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Sunday, February 22, 2015

Backstage at the Oscars: 2015

Reason no. 1,341 why I love writing the annual “Oscars Backstage” column: My agent.

I need a slightly smaller version of this one!
Last year, I reported on my tear-inducing plea to my agent imploring him to draw a map for me so I could be in a position to bring him that wondrous eight-pound statuette. After his two-word reply ("I will"), I was buoyed by the prospects. Multiple scripts in hand and a fully rehearsed Oscars acceptance speech in hand has gotten me nothing.

And yet …

I keep dreaming. We keep dreaming. We take the words of Best Adapted Screenplay winner Graham Moore ("The Imitation Game") when he says on stage, "Stay weird, stay different. And then when it's your turn and you're standing on this stage, please pass the same message to the next person who comes along."

Powerful stuff. I almost cried. Again, here's to dreaming.

The red carpet was something to behold once again...rainy with a frenzy of Haute Couture and modified tuxedos. I had an optimum spot next to Rolling Stone magazine, mostly because I overheard so much. Like how shocked Michael Keaton said he was to be nominated for his first Oscar and how Julianne Moore said her her two dogs are "more work than my kids." John Travolta was all hands on the red carpet and onstage (nearly groping Idina Menzel Alas, there was no Jennifer Lawrence or Angelina Jolie to stalk, er, photograph. That, however, did not derail this Media Guy. I found a new favorite: Marion Cotillard.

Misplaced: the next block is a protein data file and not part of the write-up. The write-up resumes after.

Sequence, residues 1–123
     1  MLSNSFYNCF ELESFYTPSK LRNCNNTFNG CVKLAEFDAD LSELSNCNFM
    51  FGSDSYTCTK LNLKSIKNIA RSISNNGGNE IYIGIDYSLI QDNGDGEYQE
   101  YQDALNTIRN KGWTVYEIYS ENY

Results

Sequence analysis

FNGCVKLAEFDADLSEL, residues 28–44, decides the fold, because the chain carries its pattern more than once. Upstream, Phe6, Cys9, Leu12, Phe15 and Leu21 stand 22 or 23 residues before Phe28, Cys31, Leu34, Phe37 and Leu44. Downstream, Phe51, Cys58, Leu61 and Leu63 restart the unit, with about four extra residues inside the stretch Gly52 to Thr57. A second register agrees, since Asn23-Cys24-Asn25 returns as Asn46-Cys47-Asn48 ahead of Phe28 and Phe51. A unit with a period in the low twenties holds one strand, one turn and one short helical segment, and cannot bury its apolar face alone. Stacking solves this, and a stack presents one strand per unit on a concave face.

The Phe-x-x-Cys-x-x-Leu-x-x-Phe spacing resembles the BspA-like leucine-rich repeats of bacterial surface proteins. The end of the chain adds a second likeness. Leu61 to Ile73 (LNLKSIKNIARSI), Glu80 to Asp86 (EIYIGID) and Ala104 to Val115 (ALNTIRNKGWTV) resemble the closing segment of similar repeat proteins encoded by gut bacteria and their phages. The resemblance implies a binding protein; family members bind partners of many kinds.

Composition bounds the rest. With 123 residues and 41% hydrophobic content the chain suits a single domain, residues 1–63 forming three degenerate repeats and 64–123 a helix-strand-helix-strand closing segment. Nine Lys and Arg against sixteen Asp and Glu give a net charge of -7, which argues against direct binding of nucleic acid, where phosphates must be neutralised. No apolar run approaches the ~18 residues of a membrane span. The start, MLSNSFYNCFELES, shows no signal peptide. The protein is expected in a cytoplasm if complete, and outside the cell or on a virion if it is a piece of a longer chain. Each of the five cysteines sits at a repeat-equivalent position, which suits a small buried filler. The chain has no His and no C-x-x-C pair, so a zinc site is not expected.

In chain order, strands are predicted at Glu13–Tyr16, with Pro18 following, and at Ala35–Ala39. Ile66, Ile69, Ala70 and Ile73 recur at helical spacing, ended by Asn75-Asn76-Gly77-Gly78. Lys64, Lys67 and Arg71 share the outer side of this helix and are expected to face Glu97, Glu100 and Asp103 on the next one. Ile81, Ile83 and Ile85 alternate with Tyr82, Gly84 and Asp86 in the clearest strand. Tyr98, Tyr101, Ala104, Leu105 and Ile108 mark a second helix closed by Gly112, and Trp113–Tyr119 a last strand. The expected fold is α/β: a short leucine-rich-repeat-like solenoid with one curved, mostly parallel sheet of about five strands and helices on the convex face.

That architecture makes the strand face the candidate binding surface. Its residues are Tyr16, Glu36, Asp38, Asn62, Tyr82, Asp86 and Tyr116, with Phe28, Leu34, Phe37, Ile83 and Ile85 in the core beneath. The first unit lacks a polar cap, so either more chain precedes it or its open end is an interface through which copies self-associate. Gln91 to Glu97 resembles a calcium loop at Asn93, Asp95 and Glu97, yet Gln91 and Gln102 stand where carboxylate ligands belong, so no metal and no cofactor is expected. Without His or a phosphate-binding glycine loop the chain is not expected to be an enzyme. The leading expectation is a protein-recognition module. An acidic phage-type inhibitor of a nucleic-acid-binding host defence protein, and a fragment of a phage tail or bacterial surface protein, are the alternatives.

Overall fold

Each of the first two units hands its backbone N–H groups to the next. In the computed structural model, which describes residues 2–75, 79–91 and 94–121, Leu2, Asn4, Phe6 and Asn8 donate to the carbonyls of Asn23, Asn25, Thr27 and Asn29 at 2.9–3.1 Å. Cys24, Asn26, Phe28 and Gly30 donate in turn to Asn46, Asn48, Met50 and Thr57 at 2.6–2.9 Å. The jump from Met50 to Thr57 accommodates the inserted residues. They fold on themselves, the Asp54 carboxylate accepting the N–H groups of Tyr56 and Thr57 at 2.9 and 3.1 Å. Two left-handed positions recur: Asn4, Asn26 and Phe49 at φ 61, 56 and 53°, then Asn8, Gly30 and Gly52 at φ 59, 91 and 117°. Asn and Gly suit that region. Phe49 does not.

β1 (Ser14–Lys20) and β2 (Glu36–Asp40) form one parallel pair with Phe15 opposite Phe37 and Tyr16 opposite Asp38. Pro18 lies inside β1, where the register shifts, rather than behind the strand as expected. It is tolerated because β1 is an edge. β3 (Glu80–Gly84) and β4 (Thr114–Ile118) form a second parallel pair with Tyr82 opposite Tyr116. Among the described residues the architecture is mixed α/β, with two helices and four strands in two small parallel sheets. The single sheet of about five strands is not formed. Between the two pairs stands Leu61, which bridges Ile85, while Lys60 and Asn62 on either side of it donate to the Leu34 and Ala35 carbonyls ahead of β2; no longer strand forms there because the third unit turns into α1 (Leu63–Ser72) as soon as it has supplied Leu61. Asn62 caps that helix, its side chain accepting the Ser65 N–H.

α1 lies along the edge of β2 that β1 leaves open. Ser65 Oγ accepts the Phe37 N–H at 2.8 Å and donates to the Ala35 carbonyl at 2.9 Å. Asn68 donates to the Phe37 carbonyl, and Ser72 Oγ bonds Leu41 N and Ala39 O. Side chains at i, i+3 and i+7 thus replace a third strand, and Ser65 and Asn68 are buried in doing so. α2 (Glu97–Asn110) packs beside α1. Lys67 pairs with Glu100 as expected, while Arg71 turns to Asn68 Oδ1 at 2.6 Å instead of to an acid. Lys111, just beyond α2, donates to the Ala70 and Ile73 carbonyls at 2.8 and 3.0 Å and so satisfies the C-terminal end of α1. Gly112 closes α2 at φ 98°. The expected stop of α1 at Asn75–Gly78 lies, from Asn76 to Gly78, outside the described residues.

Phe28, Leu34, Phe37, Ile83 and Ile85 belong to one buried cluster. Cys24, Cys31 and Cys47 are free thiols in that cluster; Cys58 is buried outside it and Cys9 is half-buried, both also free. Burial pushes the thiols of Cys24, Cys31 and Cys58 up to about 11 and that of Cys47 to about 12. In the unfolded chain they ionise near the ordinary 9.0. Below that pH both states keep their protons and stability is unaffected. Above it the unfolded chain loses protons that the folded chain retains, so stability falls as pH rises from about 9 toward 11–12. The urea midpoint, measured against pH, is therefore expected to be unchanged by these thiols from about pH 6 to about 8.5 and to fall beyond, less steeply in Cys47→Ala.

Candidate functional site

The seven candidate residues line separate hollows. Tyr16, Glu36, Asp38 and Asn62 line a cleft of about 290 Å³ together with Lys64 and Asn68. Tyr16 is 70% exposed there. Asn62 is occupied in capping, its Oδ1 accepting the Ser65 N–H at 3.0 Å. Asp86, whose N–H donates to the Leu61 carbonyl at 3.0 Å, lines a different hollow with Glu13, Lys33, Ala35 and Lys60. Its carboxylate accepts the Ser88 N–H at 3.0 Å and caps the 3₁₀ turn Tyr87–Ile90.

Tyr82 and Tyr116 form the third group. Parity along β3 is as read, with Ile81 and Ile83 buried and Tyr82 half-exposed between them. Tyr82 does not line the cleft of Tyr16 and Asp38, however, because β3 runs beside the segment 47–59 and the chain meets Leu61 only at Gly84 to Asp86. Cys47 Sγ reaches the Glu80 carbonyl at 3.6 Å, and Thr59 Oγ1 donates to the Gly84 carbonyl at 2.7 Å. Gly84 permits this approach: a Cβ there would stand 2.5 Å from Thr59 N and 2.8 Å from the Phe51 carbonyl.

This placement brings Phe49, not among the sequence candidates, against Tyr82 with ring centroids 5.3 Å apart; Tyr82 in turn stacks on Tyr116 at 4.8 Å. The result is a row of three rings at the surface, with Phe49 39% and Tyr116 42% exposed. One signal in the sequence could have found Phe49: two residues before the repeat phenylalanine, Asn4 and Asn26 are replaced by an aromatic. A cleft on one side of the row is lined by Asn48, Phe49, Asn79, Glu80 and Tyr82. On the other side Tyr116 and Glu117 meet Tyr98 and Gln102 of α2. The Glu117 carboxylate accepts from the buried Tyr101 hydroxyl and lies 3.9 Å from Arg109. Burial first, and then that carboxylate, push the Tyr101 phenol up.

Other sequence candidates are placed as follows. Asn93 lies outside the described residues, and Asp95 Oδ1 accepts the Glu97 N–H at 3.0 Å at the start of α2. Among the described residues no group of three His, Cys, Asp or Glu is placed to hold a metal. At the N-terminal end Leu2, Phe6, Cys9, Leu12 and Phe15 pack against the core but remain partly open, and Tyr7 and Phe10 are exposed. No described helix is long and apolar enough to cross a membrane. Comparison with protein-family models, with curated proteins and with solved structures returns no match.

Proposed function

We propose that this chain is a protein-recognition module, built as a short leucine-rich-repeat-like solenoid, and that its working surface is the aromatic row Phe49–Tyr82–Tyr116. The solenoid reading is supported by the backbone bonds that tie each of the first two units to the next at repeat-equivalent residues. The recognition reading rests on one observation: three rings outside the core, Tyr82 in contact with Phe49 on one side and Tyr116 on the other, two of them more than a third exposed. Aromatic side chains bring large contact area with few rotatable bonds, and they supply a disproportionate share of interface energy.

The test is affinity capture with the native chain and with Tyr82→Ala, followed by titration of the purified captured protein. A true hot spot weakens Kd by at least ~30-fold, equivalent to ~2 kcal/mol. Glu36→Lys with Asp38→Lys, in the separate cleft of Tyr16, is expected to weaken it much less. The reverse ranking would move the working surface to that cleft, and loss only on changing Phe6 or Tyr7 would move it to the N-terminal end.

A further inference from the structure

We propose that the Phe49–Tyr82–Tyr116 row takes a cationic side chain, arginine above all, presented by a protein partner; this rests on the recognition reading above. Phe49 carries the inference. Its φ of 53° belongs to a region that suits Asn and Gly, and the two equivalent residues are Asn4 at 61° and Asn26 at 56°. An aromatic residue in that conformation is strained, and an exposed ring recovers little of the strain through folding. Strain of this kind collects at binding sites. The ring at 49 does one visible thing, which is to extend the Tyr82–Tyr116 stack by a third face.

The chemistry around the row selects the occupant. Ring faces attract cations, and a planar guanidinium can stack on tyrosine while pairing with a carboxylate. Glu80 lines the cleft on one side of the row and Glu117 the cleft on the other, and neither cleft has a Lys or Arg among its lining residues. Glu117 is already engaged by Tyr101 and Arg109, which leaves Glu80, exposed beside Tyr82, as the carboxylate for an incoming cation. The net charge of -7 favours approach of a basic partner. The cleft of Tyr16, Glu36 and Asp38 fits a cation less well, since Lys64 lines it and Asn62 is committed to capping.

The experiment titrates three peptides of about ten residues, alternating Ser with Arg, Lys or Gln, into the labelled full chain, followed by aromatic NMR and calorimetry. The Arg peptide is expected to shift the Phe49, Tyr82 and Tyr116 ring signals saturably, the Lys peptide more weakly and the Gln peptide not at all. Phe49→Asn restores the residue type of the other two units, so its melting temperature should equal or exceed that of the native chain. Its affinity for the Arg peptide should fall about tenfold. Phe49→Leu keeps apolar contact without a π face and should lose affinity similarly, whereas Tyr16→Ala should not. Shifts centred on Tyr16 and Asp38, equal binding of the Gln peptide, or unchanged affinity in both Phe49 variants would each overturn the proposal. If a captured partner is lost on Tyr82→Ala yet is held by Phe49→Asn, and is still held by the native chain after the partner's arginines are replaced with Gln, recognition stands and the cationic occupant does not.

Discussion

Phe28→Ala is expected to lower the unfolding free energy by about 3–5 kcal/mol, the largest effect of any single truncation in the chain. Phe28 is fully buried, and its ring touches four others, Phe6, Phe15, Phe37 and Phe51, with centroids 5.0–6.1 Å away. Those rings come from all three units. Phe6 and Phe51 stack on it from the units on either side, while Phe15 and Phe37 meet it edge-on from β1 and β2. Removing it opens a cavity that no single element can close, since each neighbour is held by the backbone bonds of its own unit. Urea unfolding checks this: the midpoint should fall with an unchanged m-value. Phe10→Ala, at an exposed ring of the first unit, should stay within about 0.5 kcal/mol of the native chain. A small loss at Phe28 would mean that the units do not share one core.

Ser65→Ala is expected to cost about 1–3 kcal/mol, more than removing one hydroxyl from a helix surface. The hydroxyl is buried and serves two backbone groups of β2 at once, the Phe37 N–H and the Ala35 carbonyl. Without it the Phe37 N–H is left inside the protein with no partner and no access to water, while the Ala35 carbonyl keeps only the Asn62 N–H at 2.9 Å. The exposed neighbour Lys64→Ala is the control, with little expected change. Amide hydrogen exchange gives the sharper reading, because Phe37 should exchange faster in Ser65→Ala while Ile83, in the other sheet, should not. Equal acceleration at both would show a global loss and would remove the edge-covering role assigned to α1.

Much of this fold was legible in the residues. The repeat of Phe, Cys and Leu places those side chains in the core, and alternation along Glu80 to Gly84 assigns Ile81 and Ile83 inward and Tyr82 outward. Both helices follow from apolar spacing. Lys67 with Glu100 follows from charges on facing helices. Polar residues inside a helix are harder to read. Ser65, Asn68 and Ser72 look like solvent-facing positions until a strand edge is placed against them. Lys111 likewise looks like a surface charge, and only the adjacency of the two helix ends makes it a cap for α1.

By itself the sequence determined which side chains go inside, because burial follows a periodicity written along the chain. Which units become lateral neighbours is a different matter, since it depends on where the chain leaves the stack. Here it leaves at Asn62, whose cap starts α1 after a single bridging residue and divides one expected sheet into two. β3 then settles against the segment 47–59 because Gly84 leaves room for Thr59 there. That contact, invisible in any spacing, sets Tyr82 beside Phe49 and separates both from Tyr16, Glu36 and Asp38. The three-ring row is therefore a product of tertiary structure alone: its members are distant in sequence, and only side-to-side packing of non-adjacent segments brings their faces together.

She has an amazing allure and even giggled when I said "take me home with you to France." Made me root for her all night, but who can argue with the performance of Julianne Moore in "Still Alice" and that incredibly infectious laugh. It pays to be Alec Baldwin's wife onscreen these days...

And, although the Neil Patrick Harris hosted show dropped 14% over last year's Ellen DeGeneres selfie-fest, it was still watched by 34.6 million between 8:30 and 11 PM (early results). That's why advertisers spend a $1.95 million for a thirty second commercial on Oscars telecast.

As they say, a picture is worth a thousand words, so here's The Media Guy's journey and perspective backstage at the 87th Academy Awards® with a handful pictures and about 1,500 words including interview excerpts and intimate insights.

Julianne Moore, "Still Alice"
Performance by an Actress in a Leading Role

Finally with Uncle Oscar. Julianne brings home the gold (Aaron Poole / ©A.M.P.A.S.)
Q.    I just want to say that you are the most patient actress in town.  Five times nominated and you finally won it.  And I want to know, do you think they played a role in the way in that you won this for a film that meant so much to you?